Any number of cities lend themselves to a narrative of transformational change led by a particular leader or group of leaders. You can think of Richard M. Daley in Chicago or Rudy Giuliani and Michael Bloomberg in New York. Cory Booker in Newark may be an emerging story in this mold. Or in previous generations there were business magnates like J. Irwin Miller in Columbus, Indiana that through superior vision combined with clout were able to put their community on a different path than other similarly positioned cities. (Among other things, Columbus, Indiana is an internationally renowned center of modernist architecture, with no fewer than six National Historic Landmarks in a modernist style).
The obvious question here is how much leadership had to do with it. So many of these large tier one type cities came back at the same time that it seems likely some common outside force like globalization was the real driver. Or at least that it was a prerequisite to enable the leadership to be effective. However, there are some examples like Columbus that appear to be less the result of outside forces.
Civic Sector Led Revitalization
Some cities have done well in models without a single dominant leader such as a larger than life mayor. In Indianapolis, for example, it was a broader coalition of business, community, and institutional leaders that championed items such as their sports hosting strategy that had a transformational impact. This is the model most cities try to use, but it has failed nine times out of ten in delivering transformational impact, so would appear to be a very high risk strategy.
What other models suggest themselves? I won’t claim this as a comprehensive list.
A Look At Providence and Rhode Island
Where does Rhode Island fit in? Well, it hasn’t seen a turnaround yet. But there has been a sort of slow growth in personal incomes that could add up over time. In this light, Providence would be a sort of Pittsburgh-like city from a lifecycle perspective, though I should note with a much smaller asset base. Alon Levy made the case for this view last year in a piece called “The Quiet Revival”:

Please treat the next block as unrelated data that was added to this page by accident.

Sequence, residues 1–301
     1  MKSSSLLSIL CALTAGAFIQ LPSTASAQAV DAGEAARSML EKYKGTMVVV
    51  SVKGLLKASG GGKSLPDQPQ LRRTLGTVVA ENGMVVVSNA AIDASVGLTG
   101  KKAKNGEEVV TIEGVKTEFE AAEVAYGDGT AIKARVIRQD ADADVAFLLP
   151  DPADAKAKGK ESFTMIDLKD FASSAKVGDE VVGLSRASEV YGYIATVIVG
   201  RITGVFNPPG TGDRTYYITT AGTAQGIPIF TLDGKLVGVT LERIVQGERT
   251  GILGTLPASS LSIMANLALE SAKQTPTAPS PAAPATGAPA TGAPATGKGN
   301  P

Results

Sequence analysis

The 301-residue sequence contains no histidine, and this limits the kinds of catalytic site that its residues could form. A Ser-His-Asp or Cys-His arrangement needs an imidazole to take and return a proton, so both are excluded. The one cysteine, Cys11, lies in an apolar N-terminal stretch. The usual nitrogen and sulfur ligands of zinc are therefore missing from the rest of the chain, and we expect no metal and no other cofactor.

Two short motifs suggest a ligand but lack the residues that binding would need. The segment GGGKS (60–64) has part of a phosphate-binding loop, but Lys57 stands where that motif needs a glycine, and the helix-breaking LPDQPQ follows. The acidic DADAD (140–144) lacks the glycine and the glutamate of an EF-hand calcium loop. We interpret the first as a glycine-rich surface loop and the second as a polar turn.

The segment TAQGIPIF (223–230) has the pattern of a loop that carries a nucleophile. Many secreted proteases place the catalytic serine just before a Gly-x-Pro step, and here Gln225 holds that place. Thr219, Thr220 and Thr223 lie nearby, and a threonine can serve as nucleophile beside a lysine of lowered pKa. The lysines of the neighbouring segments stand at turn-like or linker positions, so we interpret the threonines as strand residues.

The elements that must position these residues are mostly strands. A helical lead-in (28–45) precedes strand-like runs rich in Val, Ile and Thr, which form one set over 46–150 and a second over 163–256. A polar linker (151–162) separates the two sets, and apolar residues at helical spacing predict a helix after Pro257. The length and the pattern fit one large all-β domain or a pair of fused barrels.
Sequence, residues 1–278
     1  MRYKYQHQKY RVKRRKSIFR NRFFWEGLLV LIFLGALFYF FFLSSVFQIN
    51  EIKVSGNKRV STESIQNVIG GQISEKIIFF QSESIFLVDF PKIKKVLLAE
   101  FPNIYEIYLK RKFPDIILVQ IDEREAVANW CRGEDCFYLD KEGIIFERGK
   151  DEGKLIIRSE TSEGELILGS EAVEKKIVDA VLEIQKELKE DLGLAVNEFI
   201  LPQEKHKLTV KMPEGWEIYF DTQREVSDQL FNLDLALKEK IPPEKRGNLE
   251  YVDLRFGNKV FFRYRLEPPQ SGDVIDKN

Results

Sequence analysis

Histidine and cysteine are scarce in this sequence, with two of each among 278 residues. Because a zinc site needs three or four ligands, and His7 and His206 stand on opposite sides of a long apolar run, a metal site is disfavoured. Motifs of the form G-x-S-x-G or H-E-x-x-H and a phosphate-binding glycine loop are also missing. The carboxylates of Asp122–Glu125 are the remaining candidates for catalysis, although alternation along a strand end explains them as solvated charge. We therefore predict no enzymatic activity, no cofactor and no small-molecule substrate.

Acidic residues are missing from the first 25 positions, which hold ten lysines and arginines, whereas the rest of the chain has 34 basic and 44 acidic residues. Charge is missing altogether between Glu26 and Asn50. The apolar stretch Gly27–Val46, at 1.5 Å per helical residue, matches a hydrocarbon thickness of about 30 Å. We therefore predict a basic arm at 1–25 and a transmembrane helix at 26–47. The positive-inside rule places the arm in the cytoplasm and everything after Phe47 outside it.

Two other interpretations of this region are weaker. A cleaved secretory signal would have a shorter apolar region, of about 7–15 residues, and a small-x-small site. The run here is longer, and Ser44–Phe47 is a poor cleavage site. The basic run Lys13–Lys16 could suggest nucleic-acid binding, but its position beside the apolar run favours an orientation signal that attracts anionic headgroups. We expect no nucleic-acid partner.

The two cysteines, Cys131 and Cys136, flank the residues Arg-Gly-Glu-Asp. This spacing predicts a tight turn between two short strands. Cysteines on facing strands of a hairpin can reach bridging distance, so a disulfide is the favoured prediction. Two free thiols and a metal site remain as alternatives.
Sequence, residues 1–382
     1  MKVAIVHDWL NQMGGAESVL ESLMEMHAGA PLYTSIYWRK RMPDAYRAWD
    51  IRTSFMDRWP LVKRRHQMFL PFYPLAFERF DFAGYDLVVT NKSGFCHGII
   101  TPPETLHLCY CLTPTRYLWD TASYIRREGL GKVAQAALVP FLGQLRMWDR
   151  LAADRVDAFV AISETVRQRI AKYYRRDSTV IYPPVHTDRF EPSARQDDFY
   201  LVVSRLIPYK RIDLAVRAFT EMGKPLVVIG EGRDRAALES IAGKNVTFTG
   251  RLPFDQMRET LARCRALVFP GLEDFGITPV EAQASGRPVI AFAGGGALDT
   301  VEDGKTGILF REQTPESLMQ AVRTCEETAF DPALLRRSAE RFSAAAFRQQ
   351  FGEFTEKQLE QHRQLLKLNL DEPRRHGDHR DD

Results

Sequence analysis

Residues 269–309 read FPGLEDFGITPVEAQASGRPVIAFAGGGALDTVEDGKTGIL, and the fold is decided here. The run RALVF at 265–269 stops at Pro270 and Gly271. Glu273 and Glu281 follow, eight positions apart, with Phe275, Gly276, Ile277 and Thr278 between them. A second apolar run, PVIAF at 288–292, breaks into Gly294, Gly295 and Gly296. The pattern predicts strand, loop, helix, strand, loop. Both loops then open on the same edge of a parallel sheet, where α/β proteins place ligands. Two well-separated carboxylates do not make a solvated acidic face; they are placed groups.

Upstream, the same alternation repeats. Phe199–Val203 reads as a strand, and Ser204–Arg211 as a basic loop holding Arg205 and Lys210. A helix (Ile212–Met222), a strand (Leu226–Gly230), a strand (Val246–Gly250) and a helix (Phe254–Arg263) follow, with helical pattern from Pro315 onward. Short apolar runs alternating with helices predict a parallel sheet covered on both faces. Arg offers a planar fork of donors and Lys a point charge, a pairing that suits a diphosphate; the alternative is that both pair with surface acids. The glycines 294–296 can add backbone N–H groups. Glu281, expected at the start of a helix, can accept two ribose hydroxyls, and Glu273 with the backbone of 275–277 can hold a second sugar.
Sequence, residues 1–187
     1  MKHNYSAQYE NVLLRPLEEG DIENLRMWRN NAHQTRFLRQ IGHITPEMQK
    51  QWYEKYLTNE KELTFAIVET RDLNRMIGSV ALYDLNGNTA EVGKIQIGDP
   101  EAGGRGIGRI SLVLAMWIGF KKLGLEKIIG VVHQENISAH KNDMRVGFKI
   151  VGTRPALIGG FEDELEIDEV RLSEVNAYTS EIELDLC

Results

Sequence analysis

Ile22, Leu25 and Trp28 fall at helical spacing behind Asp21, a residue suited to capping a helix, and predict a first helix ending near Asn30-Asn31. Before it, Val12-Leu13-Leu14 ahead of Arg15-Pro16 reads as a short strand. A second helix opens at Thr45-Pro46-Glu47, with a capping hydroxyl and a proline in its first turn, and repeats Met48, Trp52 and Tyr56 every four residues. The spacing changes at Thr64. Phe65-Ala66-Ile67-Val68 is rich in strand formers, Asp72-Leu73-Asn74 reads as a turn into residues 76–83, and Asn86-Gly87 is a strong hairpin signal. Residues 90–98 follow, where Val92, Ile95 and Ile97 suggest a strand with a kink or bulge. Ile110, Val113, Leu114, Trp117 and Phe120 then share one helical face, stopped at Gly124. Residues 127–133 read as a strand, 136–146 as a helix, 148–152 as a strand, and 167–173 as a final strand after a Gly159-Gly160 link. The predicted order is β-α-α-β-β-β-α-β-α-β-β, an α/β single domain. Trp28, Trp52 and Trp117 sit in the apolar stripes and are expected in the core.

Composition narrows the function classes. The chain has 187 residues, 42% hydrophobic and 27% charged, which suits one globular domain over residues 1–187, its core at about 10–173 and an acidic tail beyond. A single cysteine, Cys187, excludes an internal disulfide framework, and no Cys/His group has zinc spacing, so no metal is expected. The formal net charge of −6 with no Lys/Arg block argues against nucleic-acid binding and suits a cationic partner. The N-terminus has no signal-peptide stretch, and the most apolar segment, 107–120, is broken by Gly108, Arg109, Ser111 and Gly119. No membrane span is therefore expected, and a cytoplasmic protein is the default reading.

Rhode Island may have one of the highest unemployment rates in the US today, but income growth is high; things are slowly getting better. The most visible growth in the US is in population rather than income, and so the usual markers are new housing starts, new infrastructure, and a lot of “coming soon” signs. Providence of course doesn’t have much of this. Instead, people are getting richer, slowly… Economic growth in the richest countries is slow enough that people don’t perceive it. Instead, they think it’s the domain of countries that are catching up, such as China, where it’s so fast it includes new construction and the other markers that signify population growth in the first world. In the long run, it matters that a city’s income grows 1.8% a year rather than 1.1%, but it’s not visible enough to be captured by trend articles until long after the spurt of growth has started.
Given the lack of structural economic forces boosting the city, and a comparatively small base of newcomers, particularly outside of Providence proper and other core cities, this will likely have to do for now, unless we witness the emergence of a disruptive and transformational type leader.
This post originally appeared in GoLocalProv on August 26, 2013.
Aaron M. Renn is an independent writer on urban affairs and the founder of Telestrian, a data analysis and mapping tool. He writes at The Urbanophile.